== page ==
Current Issue
Published on August 15, 2005

Mail Call, Aug. 15



Scammers again

I recently experienced a phone scam that apparently has been dormant, and I wanted to re-alert tire dealers about it.

It was done by the relay system for the hearing impaired, and although I had caller ID phone numbers, the name and address of the card holder and a credit card number, the police—who were standing in front of me after I called 911—couldn't do anything while I had the person on hold. Pretty scary, huh?

The only thing I can do now is notify everyone the best way I can because the Visa processing company didn't do anything, even though I had so much information available. I became suspicious almost immediately and probed for answers when the caller requested five sets of tires for a BMW and was pushing me to process the credit card.

Upon calling the warehouse for availability of the tires, which were an odd size to begin with for a BMW, that's when I was told about the scam going around months ago. I had not heard about it.

Some dealers have already got bitten. Something needs to be done.

I'm just thankful they called our after-hours phone number by mistake and I answered, or this could have been a disaster for us if an unsuspecting employee eager to make a large sale had received this call.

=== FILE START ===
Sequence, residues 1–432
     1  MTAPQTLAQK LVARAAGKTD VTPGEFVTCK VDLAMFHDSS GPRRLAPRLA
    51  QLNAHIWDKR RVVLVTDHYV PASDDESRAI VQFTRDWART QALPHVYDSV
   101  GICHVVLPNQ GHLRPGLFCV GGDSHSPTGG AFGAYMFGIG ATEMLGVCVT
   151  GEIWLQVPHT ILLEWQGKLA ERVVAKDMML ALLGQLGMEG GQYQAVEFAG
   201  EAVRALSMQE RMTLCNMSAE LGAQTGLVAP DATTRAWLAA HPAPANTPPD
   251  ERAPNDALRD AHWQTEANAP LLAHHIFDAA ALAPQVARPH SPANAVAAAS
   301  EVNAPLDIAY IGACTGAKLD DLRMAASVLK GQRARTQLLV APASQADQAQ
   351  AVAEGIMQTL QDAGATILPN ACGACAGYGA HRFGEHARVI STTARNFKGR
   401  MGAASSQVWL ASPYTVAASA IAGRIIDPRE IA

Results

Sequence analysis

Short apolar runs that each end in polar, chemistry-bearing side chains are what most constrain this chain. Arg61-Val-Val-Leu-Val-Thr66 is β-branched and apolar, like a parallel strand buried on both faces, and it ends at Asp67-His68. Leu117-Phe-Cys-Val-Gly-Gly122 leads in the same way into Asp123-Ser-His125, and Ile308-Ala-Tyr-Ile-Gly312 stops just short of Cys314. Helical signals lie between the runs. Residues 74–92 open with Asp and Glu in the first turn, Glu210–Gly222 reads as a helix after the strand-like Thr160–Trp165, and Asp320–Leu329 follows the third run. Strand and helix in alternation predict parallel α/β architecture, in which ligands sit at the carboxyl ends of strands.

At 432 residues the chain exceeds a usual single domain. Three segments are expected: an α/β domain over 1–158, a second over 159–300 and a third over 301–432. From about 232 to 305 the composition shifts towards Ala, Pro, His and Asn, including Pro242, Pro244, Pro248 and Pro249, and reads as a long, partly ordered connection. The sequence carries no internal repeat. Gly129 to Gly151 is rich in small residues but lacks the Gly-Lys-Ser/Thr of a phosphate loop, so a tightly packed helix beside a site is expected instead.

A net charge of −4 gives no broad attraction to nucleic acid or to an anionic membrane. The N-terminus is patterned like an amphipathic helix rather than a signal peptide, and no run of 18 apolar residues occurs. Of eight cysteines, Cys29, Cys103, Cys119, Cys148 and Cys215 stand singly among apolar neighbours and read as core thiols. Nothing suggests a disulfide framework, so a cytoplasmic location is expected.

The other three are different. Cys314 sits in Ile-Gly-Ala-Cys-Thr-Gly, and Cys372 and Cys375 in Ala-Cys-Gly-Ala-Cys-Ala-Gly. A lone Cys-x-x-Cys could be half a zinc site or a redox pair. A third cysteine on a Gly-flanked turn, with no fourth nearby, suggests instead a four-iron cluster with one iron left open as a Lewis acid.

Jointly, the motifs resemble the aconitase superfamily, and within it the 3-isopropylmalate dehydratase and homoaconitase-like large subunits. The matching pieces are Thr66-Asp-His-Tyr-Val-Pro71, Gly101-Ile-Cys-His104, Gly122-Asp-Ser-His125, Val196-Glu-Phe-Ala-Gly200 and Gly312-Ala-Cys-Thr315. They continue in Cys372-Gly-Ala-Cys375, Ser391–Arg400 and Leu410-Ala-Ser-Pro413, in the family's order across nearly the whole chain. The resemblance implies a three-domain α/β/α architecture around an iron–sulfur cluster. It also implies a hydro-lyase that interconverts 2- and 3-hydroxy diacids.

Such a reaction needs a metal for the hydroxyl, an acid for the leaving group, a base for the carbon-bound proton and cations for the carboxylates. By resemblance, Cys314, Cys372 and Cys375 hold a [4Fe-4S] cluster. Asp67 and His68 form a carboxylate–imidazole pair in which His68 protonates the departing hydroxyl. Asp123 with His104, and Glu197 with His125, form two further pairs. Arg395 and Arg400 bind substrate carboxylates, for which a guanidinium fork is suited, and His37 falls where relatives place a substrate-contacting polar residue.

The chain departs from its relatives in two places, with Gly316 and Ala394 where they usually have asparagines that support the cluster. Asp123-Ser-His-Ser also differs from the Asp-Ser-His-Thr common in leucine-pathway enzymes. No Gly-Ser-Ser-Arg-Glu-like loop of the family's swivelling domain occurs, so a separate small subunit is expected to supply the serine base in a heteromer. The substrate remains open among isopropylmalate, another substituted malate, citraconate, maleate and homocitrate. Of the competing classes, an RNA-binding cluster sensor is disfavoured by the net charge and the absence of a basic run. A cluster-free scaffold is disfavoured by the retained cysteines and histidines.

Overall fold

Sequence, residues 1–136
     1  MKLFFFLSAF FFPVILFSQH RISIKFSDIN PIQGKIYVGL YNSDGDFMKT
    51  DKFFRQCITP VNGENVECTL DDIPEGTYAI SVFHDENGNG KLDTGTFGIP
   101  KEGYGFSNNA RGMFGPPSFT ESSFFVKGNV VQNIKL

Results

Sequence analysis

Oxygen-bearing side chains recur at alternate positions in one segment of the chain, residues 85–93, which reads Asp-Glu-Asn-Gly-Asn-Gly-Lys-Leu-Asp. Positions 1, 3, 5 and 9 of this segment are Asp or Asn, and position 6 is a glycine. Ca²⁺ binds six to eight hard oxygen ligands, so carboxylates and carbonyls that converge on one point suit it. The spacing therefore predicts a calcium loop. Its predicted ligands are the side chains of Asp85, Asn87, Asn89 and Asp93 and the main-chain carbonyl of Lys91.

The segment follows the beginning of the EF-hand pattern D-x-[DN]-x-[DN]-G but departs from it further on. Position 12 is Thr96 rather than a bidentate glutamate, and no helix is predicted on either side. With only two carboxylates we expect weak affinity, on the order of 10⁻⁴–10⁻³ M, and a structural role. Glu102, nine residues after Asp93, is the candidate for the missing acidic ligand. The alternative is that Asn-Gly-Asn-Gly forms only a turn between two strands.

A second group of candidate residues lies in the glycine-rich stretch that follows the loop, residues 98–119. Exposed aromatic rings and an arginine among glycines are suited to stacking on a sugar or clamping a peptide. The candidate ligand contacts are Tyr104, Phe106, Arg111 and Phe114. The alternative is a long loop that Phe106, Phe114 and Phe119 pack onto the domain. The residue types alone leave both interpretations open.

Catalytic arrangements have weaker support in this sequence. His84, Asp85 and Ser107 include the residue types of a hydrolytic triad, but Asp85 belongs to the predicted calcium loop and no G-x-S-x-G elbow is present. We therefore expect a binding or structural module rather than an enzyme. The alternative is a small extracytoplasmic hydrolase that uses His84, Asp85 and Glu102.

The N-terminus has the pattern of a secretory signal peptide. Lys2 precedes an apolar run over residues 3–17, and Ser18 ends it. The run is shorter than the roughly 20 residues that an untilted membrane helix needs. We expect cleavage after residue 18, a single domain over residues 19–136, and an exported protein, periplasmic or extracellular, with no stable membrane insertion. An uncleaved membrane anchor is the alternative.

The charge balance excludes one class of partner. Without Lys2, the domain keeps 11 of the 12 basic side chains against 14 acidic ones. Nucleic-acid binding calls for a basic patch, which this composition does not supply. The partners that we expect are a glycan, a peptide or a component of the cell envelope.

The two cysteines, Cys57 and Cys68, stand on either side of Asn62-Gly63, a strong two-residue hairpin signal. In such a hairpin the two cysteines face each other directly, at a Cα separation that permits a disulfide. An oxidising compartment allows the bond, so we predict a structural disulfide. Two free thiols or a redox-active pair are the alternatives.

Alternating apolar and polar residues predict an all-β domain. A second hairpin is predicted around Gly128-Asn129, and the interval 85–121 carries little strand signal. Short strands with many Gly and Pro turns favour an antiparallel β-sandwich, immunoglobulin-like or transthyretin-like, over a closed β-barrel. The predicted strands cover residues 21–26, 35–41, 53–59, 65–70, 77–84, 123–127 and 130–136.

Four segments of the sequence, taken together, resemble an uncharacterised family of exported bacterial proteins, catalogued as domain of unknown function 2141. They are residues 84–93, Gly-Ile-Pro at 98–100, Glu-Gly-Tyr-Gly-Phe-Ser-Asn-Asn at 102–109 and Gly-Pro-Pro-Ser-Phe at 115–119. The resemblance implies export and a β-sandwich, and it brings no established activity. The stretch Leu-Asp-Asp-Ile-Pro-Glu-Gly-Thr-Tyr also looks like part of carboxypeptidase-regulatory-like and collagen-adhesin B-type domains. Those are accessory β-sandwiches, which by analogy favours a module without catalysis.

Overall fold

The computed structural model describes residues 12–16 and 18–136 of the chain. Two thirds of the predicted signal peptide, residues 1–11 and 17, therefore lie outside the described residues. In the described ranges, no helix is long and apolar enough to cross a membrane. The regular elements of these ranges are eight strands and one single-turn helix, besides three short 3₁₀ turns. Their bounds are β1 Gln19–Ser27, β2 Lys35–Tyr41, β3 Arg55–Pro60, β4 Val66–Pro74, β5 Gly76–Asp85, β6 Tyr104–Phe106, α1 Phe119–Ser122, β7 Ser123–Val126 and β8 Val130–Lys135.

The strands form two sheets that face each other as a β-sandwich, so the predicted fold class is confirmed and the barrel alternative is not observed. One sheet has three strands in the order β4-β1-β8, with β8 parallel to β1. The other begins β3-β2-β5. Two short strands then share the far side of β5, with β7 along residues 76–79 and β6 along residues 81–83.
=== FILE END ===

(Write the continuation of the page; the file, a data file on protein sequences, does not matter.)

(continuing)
Linda J. Rovisa-Agresti


Churchville Tire and Supply Inc.

Churchville, N.Y.

Six years? Nonsense

I have been following the controversy that has been generated by Ford Motor Co. and DaimlerChrysler A.G. concerning their planned instruction to their customers that tires be scrapped after six years of use.

I am not a chemist, an engineer, a rocket scientist or a tire manufacturer, but I have been in the tire business for 55 years. I have seen the demise of tube-type tires, the advent of tubeless and radial, the many changes of tire “profiles” and have followed all with interest and wonder.

Tires are the best value in the world for the money. People who use them have become so complacent as to their reliability that tires are often forced to operate underinflated, misaligned and undersized and, in many cases, under terrible conditions for which they were not designed. And yet they perform for thousands of miles without a whimper of complaint.

Have we reached the stage where everything must be legislated? What has become of common sense? I have seen tires that became unserviceable within 500 miles and others that were in perfect condition after 10 years and 100,000 miles of service. Yes, passenger tires!

Now with the advent of nitrogen inflation, which will make maintenance easier and also prevent oxidation and heat—rubber's worst enemies—tires can be expected to give even better service over a longer period of time. Now is certainly not the time to give tires an arbitrary “life.”

Neither Ford nor DaimlerChrysler can tell me when to change my tires. I hope that they will not convince the government when to tell me either. Well, I can always buy a Chinese car.

Everard G. Scott


Harmony Hall Inc.

Margate, Fla.

Time for name change?

We need to rename our industry the service industry—not the tire industry!

Everybody in this part of the country who's been in the tire industry and sold tires for many years is now doing full automotive service in order to survive. We need to admit this and move forward.

Doug Swanson


Modern Auto Care

Eden Prairie, Minn.


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